This is not a time to guess. Establishing your home’s value is not a do-it-yourself project. Nor is it a good idea to allow your insurance agent to be the one to solely establish that value. Again, this is your biggest asset and you’ll want to be sure you’ve got the fairest value.

Tip #2 – Understand the Risk Factors That Your Premium Will Be Based Upon…

It’s important that you realize your premium is based around the risk that the insurance company is taking by selling you the policy. In other words, the higher the risk that something will happen and they’ll have to pay you for damage, the higher the premium will be.

Things like the crime rate in your neighborhood, your living habits, where on the block your home is located, how close you are to highways and busy areas, trees around or near your home…

everything that you can think of will be assessed and will take part in the factoring of your premium.

Going into it with this knowledge will actually help you and we’ll better explain how in Tip #3…

Tip #3 – Know and Utilize All of the Things That Can Actually Save You Money on Your Premium…

While there are tons of risk factors that can drive up the cost of your home insurance premium, there are also many factors that can save you money on your policy, too. It’s important to know this so that you get all the discounts available to you.

For instance some things that might earn you a discount include:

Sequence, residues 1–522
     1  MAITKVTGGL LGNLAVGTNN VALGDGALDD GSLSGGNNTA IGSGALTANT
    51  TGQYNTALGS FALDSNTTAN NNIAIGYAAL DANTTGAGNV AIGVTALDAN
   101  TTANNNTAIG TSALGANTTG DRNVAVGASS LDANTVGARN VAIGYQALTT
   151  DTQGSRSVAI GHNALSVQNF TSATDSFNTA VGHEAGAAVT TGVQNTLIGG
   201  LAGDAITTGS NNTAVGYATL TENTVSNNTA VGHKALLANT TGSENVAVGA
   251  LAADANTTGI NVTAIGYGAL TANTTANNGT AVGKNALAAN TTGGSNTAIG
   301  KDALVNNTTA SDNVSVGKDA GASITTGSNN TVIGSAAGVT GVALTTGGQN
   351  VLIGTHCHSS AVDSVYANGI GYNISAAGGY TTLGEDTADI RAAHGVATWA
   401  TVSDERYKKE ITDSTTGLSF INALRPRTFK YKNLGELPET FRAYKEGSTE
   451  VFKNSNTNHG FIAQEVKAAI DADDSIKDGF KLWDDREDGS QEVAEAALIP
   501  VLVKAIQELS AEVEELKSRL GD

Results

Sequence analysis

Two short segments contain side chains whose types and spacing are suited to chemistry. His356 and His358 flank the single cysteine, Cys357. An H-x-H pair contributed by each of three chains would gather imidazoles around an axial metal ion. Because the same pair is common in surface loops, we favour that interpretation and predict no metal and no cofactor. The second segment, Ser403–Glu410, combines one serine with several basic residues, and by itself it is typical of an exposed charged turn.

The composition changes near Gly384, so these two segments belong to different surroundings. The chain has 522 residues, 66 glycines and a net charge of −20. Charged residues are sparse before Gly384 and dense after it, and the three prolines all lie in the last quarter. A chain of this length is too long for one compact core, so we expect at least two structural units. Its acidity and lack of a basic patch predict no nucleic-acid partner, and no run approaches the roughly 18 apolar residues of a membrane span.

•   A home burglary alarm system
•   Dead bolt locks
•   Fire alarms and sprinklers
•   Updated heating systems
•   Updated wiring and electrical system for the home
•   A home near a fire hydrant or fire department
•   A home located near a police department
•   Well-structured and maintained stairs, sidewalks, driveways, and entrances (less chance of injury),

Basically… anything you can think of that might make your home safer, and less likely to catch fire or injure a guest or passerby can give you a discount on your premium. Furthermore, having good credit can save you money as well.

Tip #4 – Take Inventory Of Your Possessions and the Dollar Amounts…

Your homeowner’s insurance covers the structure and dwelling of the home, as well as the home owner’s possessions.

This also is not a time to guess. You likely have about $20,000 worth of personal possessions in your home at any given time. Looking around your home you may not realize that, but it’s absolutely true.

So make a list of all your belongings and the value of those belongings based on receipts and purchase dates. This way if you ever need it you’ll have a concrete list, and not something constructed from memory, where things could get forgotten or undervalued because you have no proof.

You may even want to take photographs of the items on your list, and definitely keep receipts for all new items purchased.

Tip #5 – Keep Your Inventory List Safe…

One thing you don’t want to do is take the time to create an inventory list and then not have that list available when you need it.

If you leave it laying in a filing cabinet or shoebox inside the home, chances are in the case of a fire or some other tragedy you will no longer have that list. That’s why it is recommended to keep the list inside a fire-proof safe (along with your insurance policy, copy of your mortgage, and important papers for family members)…

Or you can keep it in your bank’s safety deposit box.